Iraq: Extensive compliance despite
36. Following the invasion of Kuwait by Iraq,
in August 1990, the UN demanded in Security Council Resolution
(SCR) 660 that Iraq should withdraw unilaterally and unconditionally,
and in SCR 661 it imposed comprehensive sanctions in support of
SCR 660. In November 1990, sanctions were supplemented by the
threat of force in SCR 678, authorising the use of "all necessary
means" to uphold and implement SCR 660. Although the sanctions
began to inflict significant costs on the Iraqi economy, and were
supplemented by the threat of force, Iraq did not withdraw and
a US-led UN coalition finally expelled the Iraqis from Kuwait
in February 1991. This episode thus reflected a failure of sanctions
and military threats.
37. After the Iraqis had been expelled from Kuwait,
the Security Council set out in SCR 687 conditions for lifting
sanctions. Under the terms of the resolution, Iraq was required
to renounce nuclear, biological and chemical weapons, and ballistic
missiles with a range of over 150 km, and co-operate fully on
weapons issues with the UN Special Commission on Iraq (UNSCOM)
and International Atomic Energy Authority (IAEA) and accept permanent
monitoring and verification of its compliance (set out in SCR
715). Iraq was also required to recognize Kuwait and its borders,
accept a monitored and demilitarized zone, accept liability for
losses and damages caused by the invasion, return property stolen
from Kuwait, repatriate Kuwaiti and other nationals taken prisoner,
and renounce terrorism. These were the conditions only for
the lifting of sanctions on exports by Iraq and related financial
transactions (SCR 687, paragraph 22). The conditions for lifting
the sanctions on non-military imports by Iraq were left undefined
(SCR 687, paragraph 21).
38. Iraq accepted the establishment of a permanent
monitoring and verification system; recognised Kuwait and its
borders; accepted the demilitarised zone; paid billions of dollars
of compensation for the costs associated with invading Kuwait
via a 30% deduction from funds raised by UN-authorised Oil-For-Food
(OFF) programme oil sales but without accepting formal liability;
returned some of the property it took from Kuwait; and claimed
to have repatriated all those it had captured, though some dispute
over this remained.
In relation to what was widely seen as the most important issue,
Iraq eliminated its Weapons of Mass Destruction (WMD) stocks and
production programmes unilaterally in 1991, although it was
not possible to verify fully the regime's claim to have done so
until after the invasion.
This explains why, as Hans Blix, Director General of the IAEA
1981-1997 and then Executive Chairman of the UN Monitoring Verification
and Inspection Commission (UNMOVIC) 2000-2003, stated: "The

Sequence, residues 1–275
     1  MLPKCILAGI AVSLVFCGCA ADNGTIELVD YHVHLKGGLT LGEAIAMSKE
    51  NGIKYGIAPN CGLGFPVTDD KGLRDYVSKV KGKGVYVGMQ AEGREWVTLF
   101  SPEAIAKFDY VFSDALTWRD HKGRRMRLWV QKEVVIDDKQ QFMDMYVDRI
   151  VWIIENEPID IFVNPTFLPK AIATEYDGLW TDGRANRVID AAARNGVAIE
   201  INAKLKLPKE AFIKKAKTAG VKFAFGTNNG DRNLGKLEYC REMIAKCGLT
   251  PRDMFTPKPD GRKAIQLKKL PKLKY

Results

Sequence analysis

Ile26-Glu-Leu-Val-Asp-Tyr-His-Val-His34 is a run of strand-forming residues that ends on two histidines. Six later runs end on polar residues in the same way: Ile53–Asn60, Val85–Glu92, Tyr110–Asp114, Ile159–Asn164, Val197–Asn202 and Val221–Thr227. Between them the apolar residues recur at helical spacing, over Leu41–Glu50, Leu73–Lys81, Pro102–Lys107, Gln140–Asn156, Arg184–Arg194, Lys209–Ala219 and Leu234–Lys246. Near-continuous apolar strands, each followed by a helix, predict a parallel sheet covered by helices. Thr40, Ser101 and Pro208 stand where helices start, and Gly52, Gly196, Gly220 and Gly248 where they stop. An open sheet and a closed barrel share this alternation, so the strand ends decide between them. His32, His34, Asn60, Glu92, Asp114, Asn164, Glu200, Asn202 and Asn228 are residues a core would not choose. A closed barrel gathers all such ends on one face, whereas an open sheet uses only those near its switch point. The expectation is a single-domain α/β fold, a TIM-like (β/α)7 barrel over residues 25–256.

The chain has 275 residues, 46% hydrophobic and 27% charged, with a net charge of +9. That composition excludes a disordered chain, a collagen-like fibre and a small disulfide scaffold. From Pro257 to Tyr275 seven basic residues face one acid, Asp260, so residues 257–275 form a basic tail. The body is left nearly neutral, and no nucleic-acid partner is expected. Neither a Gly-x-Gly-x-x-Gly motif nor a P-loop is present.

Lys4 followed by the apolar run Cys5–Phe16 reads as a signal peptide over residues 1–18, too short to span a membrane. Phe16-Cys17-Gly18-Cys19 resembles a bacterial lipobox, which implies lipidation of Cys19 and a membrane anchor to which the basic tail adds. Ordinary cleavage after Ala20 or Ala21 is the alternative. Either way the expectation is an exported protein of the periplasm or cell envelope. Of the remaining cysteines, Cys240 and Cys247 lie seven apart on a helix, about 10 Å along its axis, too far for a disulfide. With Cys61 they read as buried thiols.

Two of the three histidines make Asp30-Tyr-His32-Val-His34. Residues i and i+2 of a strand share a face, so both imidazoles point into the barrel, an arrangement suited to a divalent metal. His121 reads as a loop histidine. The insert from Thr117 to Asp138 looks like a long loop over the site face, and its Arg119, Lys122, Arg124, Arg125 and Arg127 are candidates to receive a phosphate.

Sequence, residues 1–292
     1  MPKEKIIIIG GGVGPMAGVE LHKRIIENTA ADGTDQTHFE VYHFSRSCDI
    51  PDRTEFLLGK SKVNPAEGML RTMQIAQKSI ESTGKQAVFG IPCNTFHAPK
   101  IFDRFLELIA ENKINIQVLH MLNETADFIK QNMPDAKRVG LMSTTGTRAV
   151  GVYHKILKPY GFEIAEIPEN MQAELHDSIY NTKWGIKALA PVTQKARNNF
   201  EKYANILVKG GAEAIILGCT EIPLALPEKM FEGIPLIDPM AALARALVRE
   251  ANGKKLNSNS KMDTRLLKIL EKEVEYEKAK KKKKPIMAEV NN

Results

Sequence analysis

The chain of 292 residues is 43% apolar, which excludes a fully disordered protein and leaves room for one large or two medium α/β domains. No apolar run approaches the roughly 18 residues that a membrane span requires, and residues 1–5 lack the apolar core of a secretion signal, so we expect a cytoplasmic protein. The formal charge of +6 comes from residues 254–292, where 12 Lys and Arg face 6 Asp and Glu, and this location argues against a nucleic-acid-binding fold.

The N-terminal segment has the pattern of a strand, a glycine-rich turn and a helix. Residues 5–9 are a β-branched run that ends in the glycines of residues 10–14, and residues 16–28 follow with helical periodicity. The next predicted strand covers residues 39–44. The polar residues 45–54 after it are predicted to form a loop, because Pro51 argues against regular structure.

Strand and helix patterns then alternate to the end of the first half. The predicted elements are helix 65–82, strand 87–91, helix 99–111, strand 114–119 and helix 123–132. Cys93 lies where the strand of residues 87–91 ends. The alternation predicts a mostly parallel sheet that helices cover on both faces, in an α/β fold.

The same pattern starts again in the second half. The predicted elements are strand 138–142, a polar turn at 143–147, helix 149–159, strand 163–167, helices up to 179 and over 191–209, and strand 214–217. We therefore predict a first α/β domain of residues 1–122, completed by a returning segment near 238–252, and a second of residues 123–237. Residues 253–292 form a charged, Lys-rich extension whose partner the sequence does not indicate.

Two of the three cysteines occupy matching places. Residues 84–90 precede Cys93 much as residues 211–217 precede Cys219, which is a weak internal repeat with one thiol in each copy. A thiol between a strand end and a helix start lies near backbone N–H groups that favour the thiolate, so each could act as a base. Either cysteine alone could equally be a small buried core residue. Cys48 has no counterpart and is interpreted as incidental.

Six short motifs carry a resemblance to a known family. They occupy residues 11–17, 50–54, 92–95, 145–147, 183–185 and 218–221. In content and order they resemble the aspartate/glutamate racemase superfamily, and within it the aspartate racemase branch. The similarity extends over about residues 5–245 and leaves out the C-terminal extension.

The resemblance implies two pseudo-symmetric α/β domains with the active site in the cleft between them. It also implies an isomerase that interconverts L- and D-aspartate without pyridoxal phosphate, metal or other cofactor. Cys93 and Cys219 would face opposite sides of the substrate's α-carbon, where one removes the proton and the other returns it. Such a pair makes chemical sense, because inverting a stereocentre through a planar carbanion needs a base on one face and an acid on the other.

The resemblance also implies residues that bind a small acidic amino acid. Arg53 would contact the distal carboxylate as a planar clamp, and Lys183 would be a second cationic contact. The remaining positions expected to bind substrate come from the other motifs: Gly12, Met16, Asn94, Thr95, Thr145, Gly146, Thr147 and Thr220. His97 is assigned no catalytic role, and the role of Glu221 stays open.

long period of inspections from 1992 to the end of 1998 had yielded
much insight into the Iraqi weapons programs but no significant
finds of hidden weapons".
Hence it can be concluded that Iraq complied with most of what
was demanded of it, even though the conditions imposed for the
lifting of sanctions were extremely demanding.
39. The UN became aware in 1992 of the fact of
unilateral destruction of WMD. From that point on, the issue for
the weapons inspectors was acquiring the documentary and physical
evidence necessary to confirm that no hidden capabilities remained.
Iraq secretly retained a documentary archive to make reconstituting
its WMD programmes easier once sanctions were lifted. A high level
defection led to the loss of this archive to UN weapons inspectors
in 1995 and continuing Iraqi obstructiveness fuelled suspicions,
which turned out to be inaccurate, that they were hiding substantial
capabilities. In fact, Iraq's obstructiveness seemed to be influenced
by various factors unrelated to hiding forbidden weapons capabilities.
The units which had been concealing the archive were also those
responsible for presidential security and so Iraq would not permit
a full investigation of their activities; and there was a suspicion
that the US would be able to prevent the lifting of the sanctions
no matter what the regime did. Both of these factors were linked
to the fact that successive US administrations had publicly and
privately advocated regime change in Iraq, either through a military
coup or, in the end, through invasion.
40. What brought about this extensive if incomplete
Iraqi disarmament and compliance? Mr Singleton, Dr Alexander,
Mr Vines and Mr Ross all agreed in their evidence that
the economic sanctions caused so much damage to the Iraqi economy
that they prevented the revival of Iraq's WMD programmes, with
Mr Ross also emphasising the role of the sanctions combined
with the arms embargo in limiting Iraq's conventional military
US Iraq Survey Group (ISG), which had full access to senior officials
and documents captured following the invasion in 2003, concurred
with these judgements in placing primary emphasis on the sanctions,
their cumulative effects into the mid-1990s and the urgency of
the regime's desire to find a way to end them.
In its evidence, the Council for Arab British Understanding (CAABU)